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THE BLAME GAME

The other day my wife Shirley and I were riding down the road and without notice or awareness of what was happening, we were in a cycle of blame.

I said to her something like, “By the way, why didn’t you take care of that job at church I asked you to do? I called someone the other day and they said it hadn’t been done yet.”

She said something back to me like, “I didn’t do it because you said you were going to call him first and tell me what he said. And you never got back to me. I didn’t get it done because I was waiting on you.”

“Yeah but you can’t wait forever on me” I said. “If I hadn’t talked to you about it, you should have called me to remind me. That issue needed to be taken care of long before this.”

Shirley shot back, “Why do you always blame me when you forget things? Part of the reason I don’t do some of the things you ask me to do is because it’s never good enough for you. It’s probably a subconscious forgetfulness so I won’t be corrected when I do finish the job.”

I said, “Really? So you are blaming me for not doing what I asked you to do, and what you said you would do, because my standards are too high? Why don’t you just accept responsibility for dropping the ball and then we can decide how we are going to get it done?”

“Fine,” She said. “I’ll take blame for not doing something you asked me to do if you will admit that I am perfectly justified for not doing it. Then I can preserve my own sanity.”

We went on like that for a few more minutes before I realized that we were sounding a lot like Adam and Eve on that first day of sin. God asked Adam (my paraphrase), “Have you eaten from the tree?” When He did Adam answered, “Yeah, but the woman You made for me gave it to me.” Then God turned to the woman and she said, “Don’t look at me. The devil made me do it” (Genesis 3:12-13).

Right here we have the sum total of blame in the world. People blame other people. They blame the devil. And they blame God. And this thing called blame is at the root of a good number of the ills in our world today. Divorce is at unprecedented levels because of blame. Blame is what populates our prisons. There would be no court system without blame. Blame divides people, relationships, families, organizations, churches, countries and governments. It divides the world. There would be no wars if it weren’t for blame. There would be no Al-Qaeda, no ISIS, no Holocaust, no genocide, no prejudice, no class systems, and very little crime without blame.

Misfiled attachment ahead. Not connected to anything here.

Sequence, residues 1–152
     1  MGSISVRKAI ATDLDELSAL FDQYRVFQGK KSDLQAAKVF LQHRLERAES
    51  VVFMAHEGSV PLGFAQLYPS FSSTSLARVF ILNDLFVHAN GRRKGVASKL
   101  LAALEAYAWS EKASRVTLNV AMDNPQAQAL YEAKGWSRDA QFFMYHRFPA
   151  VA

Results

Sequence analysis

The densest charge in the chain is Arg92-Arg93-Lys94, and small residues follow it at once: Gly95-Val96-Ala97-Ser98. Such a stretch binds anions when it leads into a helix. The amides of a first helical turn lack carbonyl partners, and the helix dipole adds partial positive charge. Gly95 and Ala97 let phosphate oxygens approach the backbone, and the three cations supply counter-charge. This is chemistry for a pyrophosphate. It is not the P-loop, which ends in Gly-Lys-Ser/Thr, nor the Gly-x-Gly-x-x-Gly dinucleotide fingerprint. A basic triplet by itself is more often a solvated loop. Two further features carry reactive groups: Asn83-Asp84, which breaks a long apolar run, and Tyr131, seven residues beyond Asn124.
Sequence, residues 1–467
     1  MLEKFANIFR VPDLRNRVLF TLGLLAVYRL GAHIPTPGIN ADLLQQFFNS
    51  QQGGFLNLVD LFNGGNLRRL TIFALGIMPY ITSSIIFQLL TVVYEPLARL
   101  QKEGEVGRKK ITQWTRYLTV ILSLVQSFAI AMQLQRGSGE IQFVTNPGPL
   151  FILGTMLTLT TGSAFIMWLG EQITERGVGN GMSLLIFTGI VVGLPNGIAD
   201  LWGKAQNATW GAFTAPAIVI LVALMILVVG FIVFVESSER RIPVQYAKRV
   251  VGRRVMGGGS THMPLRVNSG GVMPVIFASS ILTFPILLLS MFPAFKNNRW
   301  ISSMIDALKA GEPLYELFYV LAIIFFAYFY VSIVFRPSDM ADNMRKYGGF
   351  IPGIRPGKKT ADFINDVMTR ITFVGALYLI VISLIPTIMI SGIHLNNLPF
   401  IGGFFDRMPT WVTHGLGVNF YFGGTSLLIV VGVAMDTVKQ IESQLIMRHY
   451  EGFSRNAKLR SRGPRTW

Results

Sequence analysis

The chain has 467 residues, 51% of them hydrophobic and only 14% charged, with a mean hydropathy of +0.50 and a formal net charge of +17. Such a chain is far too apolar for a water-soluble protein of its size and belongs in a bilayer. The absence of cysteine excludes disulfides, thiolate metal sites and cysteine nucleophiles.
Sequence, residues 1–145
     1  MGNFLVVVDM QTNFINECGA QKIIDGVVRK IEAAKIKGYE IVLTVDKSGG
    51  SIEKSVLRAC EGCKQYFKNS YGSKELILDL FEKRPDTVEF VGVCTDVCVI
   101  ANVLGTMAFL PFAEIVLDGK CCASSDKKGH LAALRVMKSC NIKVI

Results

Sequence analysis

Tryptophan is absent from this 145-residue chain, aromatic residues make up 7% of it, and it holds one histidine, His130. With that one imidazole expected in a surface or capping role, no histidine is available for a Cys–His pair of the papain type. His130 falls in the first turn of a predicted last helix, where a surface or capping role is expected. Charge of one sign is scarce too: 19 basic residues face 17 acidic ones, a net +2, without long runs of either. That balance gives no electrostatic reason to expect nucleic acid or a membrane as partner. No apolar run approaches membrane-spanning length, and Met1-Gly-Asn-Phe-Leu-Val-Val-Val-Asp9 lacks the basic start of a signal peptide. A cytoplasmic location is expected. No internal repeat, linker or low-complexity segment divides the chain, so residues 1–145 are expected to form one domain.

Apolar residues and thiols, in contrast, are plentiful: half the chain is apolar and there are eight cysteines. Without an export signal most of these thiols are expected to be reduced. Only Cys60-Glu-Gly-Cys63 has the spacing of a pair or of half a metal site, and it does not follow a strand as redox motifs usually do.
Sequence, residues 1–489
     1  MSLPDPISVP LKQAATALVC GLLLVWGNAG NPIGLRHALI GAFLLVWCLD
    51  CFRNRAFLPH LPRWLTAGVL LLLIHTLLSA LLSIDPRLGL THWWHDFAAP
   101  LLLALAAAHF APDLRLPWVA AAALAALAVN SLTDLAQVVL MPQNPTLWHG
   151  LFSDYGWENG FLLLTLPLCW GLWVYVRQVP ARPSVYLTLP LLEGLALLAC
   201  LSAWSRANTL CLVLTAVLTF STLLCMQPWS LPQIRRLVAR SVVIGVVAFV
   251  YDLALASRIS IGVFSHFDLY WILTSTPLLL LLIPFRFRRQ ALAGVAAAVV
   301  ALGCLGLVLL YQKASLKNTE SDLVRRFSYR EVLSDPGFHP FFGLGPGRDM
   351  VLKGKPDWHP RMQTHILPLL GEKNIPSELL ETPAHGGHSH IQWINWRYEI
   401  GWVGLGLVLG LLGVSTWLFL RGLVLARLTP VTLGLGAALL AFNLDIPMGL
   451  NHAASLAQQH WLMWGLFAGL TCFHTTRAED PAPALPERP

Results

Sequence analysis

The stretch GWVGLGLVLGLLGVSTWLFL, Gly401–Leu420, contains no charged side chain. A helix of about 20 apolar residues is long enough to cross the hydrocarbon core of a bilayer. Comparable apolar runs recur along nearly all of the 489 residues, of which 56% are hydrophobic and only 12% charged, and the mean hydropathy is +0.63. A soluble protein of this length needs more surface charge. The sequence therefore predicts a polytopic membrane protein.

Blame is inherent in the human system. The reality is we all fail so we all are to blame. And we are good at blaming others. In fact, we would just as soon blame anyone but ourselves. Thus we see that the real problem with blame is the uncanny tendency in each of us to deflect responsibility away from ourselves. This tendency has as its source desperate efforts to protect our fragile emotional conditions.

We think, “What will happen if I am wrong? I will lose. Or he will win. Or I will forfeit the upper hand. Or she will have the goods on me.”

Humility, on the other hand, accepts blame. The greatest problem with blame is the absence of introspection it represents. When I am blaming someone else for a situation, I am not looking within.

Adam and Eve both blamed someone else. But the truth was — that sin deep within their hearts was the source. Yes, there was a tempter; and there will always be a tempter. The source to giving in to temptation is within us, not the tempter. James 1:14 says, “We aren’t really tempted until we are drawn away by our own lust and enticed” (my paraphrase). That is why Adam and Eve couldn’t; nor can we blame anyone else when we fail. We can only blame ourselves.

Are other people to blame sometimes? Of course! However, the biggest problem in life isn’t the blame that falls on others. It is the blame that we, ourselves, refuse to own. At very least when others fail, if we could be reminded of our own faltering tendencies; perhaps we would be less likely to draw attention to the failures of others. And, if we could all learn to say, “Hey everybody, it’s my bad” a little more often, I think we would all be a lot healthier emotionally and we may avert a few more troubles in our world.

And speaking of troubles, how about divorce for starters?

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